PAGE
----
This illustration made available by Johns Hopkins APL and NASA depicts NASA's DART probe, center, and Italian Space Agency's (ASI) LICIACube, bottom right, at the Didymos system before impact with the asteroid Dimorphos, left. DART is expected to zero in on the asteroid Monday, Sept. 26, 2022, intent on slamming it head-on at 14,000 mph. The impact should be just enough to nudge the asteroid into a slightly tighter orbit around its companion space rock. Credit: Steve Gribben / Johns Hopkins APL/NASA via AP

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On Monday, about 6.8 million miles from Earth, the U.S. National Aeronautics and Space Administration (NASA) will make the first attempt to divert an asteroid from its orbit. But forget “Don’t Look Up,” “Deep Impact,” “Armageddon” and all the other movies about planet-killing asteroids: this asteroid is barely 1/10 of a mile wide, and it isn’t coming anywhere near us even if the experiment fails.

On the other hand, there are about 18,000 asteroids of that size or bigger in orbit around the Sun. If Dimorphos (the asteroid in the NASA experiment) did hit Earth, then the impact would have the energy of a hundred-megaton hydrogen bomb, enough to devastate a city the size of New York or Lagos.

More than that, in fact, because Dimorphos orbits a much bigger asteroid called Didymos, which is about half a mile in diameter, and they would arrive together. Now we’re talking about almost nobody surviving in a city the size of Tokyo, and devastation for more than 50 miles.

These things don’t happen often, of course, but they do happen. The Lunar and Planetary Laboratory at the University of Arizona estimates that there are more than 3 million impact craters larger than half a mile in diameter on Earth, although the great majority are buried under subsequent sediment.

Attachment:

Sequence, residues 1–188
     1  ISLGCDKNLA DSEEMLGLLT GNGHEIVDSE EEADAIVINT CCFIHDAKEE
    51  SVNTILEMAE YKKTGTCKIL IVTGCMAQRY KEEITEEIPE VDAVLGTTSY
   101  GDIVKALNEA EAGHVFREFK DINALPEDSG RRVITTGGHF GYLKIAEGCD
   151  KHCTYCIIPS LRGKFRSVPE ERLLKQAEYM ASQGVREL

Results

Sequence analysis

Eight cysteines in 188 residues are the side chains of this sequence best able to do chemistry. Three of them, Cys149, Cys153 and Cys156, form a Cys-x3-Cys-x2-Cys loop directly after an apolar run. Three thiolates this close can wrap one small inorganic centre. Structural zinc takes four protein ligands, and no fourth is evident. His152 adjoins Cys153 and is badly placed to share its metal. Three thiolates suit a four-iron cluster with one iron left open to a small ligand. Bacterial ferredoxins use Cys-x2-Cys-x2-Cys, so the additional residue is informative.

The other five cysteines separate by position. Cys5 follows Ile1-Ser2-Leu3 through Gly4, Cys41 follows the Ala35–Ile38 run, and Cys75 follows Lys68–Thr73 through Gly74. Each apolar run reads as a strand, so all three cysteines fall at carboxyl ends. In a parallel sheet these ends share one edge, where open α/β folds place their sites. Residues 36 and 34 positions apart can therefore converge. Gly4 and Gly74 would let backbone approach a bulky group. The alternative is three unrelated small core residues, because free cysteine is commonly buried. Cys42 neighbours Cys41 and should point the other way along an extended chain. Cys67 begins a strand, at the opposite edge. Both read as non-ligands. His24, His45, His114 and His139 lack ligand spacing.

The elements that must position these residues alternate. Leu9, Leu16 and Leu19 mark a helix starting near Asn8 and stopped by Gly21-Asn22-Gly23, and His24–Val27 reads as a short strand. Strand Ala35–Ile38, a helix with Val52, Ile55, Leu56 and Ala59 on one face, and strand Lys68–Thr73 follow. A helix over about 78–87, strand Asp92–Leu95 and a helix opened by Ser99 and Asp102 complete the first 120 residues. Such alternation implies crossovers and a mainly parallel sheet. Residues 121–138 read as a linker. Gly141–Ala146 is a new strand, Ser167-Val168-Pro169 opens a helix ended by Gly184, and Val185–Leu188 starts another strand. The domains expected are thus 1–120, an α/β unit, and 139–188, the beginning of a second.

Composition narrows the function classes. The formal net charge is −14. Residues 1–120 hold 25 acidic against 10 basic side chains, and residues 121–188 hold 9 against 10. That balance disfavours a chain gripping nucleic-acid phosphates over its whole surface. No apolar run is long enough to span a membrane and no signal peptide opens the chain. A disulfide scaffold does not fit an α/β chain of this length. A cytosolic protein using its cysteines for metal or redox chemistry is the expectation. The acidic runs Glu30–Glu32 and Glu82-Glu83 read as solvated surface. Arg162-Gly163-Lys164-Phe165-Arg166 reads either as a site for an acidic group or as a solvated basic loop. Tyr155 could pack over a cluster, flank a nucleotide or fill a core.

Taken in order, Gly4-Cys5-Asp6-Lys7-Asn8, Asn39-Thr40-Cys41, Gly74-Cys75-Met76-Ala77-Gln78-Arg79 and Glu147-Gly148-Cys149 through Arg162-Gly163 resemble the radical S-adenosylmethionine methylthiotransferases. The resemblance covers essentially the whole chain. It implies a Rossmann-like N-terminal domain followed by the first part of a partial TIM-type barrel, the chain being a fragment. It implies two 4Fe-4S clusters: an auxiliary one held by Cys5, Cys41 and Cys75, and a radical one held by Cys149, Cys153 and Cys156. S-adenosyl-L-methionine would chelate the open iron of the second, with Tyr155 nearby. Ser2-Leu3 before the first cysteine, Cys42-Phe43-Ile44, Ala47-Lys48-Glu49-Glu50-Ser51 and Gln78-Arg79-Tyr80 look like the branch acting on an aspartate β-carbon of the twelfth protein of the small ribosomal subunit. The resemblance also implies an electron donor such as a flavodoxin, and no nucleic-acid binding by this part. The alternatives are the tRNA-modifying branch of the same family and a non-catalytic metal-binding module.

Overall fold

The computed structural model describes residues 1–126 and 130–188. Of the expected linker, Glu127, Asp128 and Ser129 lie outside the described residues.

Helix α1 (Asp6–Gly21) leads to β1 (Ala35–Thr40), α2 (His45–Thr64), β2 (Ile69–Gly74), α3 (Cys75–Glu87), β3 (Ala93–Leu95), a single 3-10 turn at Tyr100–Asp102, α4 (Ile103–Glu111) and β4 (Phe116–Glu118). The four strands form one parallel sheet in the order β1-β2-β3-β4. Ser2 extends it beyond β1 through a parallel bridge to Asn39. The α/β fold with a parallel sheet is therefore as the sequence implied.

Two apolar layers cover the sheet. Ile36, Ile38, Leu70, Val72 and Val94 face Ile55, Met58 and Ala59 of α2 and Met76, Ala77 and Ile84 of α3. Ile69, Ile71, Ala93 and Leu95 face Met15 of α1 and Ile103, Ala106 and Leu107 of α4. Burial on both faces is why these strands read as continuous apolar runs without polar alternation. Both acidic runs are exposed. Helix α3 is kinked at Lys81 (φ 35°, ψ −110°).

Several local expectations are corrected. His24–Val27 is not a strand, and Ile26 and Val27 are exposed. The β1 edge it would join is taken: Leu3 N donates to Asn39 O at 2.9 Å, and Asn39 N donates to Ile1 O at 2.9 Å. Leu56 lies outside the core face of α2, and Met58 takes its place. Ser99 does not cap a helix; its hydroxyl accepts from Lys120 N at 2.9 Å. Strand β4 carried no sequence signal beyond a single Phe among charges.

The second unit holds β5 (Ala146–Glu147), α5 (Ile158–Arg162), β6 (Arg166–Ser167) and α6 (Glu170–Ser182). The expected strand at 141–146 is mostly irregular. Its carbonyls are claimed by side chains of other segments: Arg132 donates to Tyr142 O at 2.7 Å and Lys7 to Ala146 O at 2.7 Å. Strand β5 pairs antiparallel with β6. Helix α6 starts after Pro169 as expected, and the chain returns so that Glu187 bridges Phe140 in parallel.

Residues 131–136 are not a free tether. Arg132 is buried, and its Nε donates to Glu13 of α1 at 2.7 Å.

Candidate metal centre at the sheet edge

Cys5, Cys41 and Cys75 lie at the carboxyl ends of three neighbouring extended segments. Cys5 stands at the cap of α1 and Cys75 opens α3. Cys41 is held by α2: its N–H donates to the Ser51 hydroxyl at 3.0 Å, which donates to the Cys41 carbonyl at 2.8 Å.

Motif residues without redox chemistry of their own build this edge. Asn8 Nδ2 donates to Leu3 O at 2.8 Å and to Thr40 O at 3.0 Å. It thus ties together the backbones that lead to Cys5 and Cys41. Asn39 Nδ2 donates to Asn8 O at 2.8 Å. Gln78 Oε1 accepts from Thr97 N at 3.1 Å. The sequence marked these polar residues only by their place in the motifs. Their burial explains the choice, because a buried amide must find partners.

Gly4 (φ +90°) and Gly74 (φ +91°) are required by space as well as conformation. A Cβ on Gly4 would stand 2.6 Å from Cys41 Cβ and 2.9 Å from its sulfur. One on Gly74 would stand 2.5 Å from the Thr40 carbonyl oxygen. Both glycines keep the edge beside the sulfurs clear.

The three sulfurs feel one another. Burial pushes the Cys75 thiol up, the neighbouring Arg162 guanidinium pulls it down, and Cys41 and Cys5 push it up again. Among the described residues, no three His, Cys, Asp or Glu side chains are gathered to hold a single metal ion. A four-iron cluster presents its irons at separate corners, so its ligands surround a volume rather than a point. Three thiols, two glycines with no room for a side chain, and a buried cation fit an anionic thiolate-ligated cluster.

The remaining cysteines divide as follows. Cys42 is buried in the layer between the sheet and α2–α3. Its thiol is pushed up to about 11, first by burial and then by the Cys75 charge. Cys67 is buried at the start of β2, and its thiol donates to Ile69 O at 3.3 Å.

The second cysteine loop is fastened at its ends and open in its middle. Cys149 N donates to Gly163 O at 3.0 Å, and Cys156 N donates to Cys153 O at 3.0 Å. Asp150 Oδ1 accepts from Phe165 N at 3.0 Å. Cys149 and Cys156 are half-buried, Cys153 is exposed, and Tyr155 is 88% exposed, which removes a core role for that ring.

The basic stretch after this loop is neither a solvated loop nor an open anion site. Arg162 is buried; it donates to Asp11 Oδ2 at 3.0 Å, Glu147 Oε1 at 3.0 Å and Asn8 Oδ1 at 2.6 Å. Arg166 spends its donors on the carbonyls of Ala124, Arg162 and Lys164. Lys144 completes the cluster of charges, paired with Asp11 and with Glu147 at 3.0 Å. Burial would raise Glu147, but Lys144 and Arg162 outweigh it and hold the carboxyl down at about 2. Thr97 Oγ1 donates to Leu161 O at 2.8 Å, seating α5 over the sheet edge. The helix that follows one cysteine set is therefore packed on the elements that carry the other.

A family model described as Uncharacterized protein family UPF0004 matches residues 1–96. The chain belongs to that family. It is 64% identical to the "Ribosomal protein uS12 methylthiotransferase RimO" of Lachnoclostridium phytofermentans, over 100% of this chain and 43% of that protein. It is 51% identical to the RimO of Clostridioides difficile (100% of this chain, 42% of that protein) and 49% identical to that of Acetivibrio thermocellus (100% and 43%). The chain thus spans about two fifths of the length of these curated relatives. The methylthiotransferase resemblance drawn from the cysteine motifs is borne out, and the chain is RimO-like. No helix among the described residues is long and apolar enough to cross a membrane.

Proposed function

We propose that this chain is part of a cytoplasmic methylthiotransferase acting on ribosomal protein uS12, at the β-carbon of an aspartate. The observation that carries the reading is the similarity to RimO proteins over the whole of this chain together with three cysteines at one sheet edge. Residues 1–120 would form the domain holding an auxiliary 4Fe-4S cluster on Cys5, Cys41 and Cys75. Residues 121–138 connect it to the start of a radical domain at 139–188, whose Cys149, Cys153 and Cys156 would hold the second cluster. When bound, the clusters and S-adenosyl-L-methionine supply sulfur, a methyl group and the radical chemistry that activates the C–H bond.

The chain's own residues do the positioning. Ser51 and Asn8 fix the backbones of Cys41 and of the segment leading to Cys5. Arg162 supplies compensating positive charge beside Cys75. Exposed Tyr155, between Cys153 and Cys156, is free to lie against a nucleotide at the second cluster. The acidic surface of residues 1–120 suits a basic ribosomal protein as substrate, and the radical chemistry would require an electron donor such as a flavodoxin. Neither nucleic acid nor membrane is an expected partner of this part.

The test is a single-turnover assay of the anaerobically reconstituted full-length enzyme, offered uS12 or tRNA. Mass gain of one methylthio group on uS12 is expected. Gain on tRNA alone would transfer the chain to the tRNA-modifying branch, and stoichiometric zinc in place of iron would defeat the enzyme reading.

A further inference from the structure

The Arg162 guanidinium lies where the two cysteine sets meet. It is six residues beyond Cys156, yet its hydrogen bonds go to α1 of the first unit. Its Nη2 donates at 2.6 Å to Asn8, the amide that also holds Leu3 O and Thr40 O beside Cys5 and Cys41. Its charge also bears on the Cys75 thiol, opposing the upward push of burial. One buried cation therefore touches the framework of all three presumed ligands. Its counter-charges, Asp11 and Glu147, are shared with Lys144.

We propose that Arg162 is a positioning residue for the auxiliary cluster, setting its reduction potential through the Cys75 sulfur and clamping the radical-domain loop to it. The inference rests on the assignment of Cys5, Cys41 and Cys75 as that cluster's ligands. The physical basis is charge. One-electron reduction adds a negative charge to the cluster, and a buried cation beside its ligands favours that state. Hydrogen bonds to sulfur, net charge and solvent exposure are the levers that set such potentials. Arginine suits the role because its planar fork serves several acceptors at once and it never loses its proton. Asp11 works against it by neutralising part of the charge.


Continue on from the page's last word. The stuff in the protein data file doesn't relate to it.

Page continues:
The biggest asteroid to hit the planet, Chicxulub on Mexico’s Yucatan peninsula 66 million years ago, was 6.2 miles in diameter. It caused the last great extinction: the world-wide firestorms and the five- or 10-year “asteroid winter” that followed (due to the ash blocking out the sun) killed off all the non-avian dinosaurs and let the mammals take over.

According to the Planetary Society, the odds of an asteroid the size of Dimorphos hitting Earth are one in a 100 every century. Moreover, we don’t even know where 40 percent of those asteroids are.

Drop to asteroids of ⅕ or ⅘ of a mile, still big enough to kill a city, and there are about a million of them out there. We have good data on less than 2 percent of them, but we know that at least one will hit the planet every century. So NASA and the European Space Agency (ESA) both have “Planetary Defense” offices – and they’re now running the first big experiment.

NASA’s Double Asteroid Redirection Test, or DART, is a spacecraft weighing more than 1,000 pounds fully fueled, but it will weigh a lot less than that when it does a kamikaze dive into Dimorphos on Monday. On the other hand, it will be moving at around 3.7 miles per second, so the energy it transfers to the asteroid will not be negligible.

The primary aim of the exercise is to see how much that can shift the smaller asteroid’s orbit around its primary, Didymos. It won’t be a lot, because Dimorphos’s mass is an estimated 10.5 billion pounds, but it should be enough to be detectable within weeks by big telescopes.

Then, four years from now, when the ESA’s Hera mission arrives at Dimorphos, we should know how big the crater is, and what shape. That will confirm or refute the growing suspicion that most smaller asteroids, at least, are really not solid boulders but just clumps of rubble weakly held together by microgravity.

If they are, they would be a lot easier to move, because then the collision will not just push the asteroid in the desired direction. It will also spurt out a lot of rubble in the reverse direction, which would magnify the total momentum transferred to the asteroid by as much as fivefold.

One step at a time. It will probably be a couple of decades before we can divert even a Dimorphos-sized asteroid from hitting the Earth and be confident that it will go where we want it to instead.

Larger but much rarer ones, which are more likely to be solid rock, will take a lot longer to get a handle on. Nevertheless, before the end of this century we may be able to protect the planet from all but the very biggest asteroids.

A good planetary defense system will probably take a century to build, but at least we are moving from theory to practical experiments.

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Gwynne Dyer, Opinion columnist

Gwynne Dyer is a London-based independent journalist whose commentary is published in 45 countries.